Predictions of double-digit house price falls should not deter expatriate investors from the UK’s property market which still presents opportunities despite rising interest rates.
The Bank of England raised the base rate by 0.75 percentage points to 3 per cent at its meeting on Thursday.
This may at first sight suggest it is not the best time to invest for expatriates.
But other dynamics in the market, such as the weak pound and a predicted fall in prices, still make it attractive, according to experts.
“While [another] rise in Britain’s interest rate — the eighth since December last year as the Bank of England strives to contain runaway inflation — might not seem like good news for expatriates with an outstanding mortgage on a UK property, increasing borrowing costs can also present some opportunities,” said Alice Haine, personal finance analyst at Bestinvest, the DIY investment platform and coaching service.
The cost-of-living crisis, driven by inflation and soaring interest rates, is expected to precipitate a “significant” fall in house prices next year.
“House prices are expected to drop significantly next year following more than two years of bumper growth, with some anticipating a double-digit drop as the squeeze on domestic spending power tightens even further,” said Ms Haine.
Savills is predicting an average fall in prices of 10 per cent, but they could slump as much as 12.5 per cent in London and 11 per cent in the south-east and east of England.
Lender Nationwide has warned they could fall as much as 30 per cent in a “worst-case scenario”. It believes a fall of 8 to 10 per cent is more likely, however.
Experts have said the crisis for the pound is now over, having recovered somewhat from its record low below $1.04 on September following the destabilising mini-budget. But it remains about 15 per cent down year-to-date. And analysts are predicting further weakness ahead over the next 12 months.
Deutsche Bank vice president and FX strategist Shreyas Gopal said: “The UK’s external financing needs remain large and, on current market pricing, real yields are still too low compared to other major currencies. As long as the global risk environment remains weak this leaves the pound vulnerable and the likely trend lower.”
That presents opportunities for expatriates who are paid in currencies pegged to the dollar, like the Emirati dirham.
“A weaker pound means their income will stretch much further, so now might be a good time to overpay on a mortgage to reduce the monthly repayments ahead of a fixed-rate deal expiring,” said Ms Haine.
“While prices are already on the turn, with a drop of almost 1 per cent in October compared to the previous month and slowing annual growth, the market will quickly switch to a buyers’ market as domestic buyers retreat amid higher living and borrowing costs, leaving a window for UK expatriates and foreign national buyers to swoop in,” she said.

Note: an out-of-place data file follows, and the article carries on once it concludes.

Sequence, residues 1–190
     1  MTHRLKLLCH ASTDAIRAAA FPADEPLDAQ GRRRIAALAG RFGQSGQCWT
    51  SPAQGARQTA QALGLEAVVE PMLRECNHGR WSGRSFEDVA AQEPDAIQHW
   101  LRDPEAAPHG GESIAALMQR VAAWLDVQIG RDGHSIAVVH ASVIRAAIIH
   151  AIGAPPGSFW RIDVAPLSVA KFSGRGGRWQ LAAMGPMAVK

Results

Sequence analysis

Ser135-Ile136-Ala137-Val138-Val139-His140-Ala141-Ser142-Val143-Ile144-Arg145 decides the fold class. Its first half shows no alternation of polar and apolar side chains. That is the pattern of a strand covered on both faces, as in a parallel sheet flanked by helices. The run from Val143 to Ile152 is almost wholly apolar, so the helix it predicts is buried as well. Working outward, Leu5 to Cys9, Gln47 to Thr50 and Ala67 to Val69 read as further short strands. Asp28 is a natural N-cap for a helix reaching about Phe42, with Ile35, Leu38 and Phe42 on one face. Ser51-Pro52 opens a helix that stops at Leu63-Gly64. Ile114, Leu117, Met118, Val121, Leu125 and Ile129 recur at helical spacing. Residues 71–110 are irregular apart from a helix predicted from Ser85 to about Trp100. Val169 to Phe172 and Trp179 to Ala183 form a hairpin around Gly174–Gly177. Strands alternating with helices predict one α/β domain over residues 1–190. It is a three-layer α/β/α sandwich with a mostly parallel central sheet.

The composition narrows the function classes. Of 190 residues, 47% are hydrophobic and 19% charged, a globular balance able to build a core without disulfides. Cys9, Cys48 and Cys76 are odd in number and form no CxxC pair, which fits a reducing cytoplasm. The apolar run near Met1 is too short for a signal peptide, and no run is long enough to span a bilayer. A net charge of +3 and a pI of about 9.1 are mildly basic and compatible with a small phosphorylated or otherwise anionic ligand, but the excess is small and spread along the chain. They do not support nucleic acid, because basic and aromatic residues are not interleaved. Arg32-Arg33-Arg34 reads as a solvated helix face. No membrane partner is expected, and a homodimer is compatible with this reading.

Prime central London homes at bargain-basement prices post-Brexit — in pictures
The weaker pound increases expatriate deposits and buying power, with cash-rich buyers in the strongest position as they can snap up deals very quickly, said Ms Haine.
“First-time buyers will benefit even more because of the reduced stamp duty land tax charges outlined by former chancellor Kwasi Kwarteng in September, with no levy liable on the first £250,000 (£286,883) of the purchase price — softening the blow of the 2 per cent surcharge for overseas investors imposed last year.
“Beware, however, this measure may get ditched in the November 17 budget by Chancellor Jeremy Hunt in his bid to balance the books, so don’t rely on that staying in place.”
“However, waiting a few months for the market to fall further, as the myriad of local and global challenges facing the UK economy lead to more distressed sales, might be wise for those looking to secure a killer deal.”
So, if you do decide to buy, where should you look?
According to Savills, the prime property market, which represents the top 10 per cent of property by value, may prove more resilient, due to its lack of reliance on mortgages and more foreign buyers capitalising on the weak pound.
Prices are expected to fall by 7 per cent in prime outer London and just 2 per cent in prime central London, it says.
“The rarefied market in central London’s top postcodes continues to look good value in historical terms, particularly when seen in the context of the weaker sterling and strong dollar,” Frances McDonald, a Savills research analyst told The Times.
According to CMC Markets, an online trading platform, Waltham Forest in London has seen the biggest increase in prices over the last decade, of 113.6 per cent.
Thanet in Kent posted the second biggest rise, followed by Barking and Dagenham in third place, and then Hastings in East Sussex, according to analysis of Office for National Statistics data.
Hackney in London came in fifth place.
Other areas may represent more of a bargain for expat investors.
The city of Aberdeen in Scotland is reportedly the only place in the UK to have registered a fall in prices over the past 10 years.
In 2012, the average house price in the city, where prices are tied to the fortunes of the oil industry, stood at £160,525, but it is now £144,614, representing a fall of almost 10 per cent.